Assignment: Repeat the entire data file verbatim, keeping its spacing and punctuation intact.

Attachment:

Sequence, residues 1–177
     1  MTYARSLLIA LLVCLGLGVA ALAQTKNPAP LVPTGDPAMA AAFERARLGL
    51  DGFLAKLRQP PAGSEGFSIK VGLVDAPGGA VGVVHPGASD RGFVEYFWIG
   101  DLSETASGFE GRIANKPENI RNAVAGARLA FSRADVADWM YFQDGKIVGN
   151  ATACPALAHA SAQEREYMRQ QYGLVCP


Sequence, residues 1–177
     1  MTYARSLLIA LLVCLGLGVA ALAQTKNPAP LVPTGDPAMA AAFERARLGL
    51  DGFLAKLRQP PAGSEGFSIK VGLVDAPGGA VGVVHPGASD RGFVEYFWIG
   101  DLSETASGFE GRIANKPENI RNAVAGARLA FSRADVADWM YFQDGKIVGN
   151  ATACPALAHA SAQEREYMRQ QYGLVCP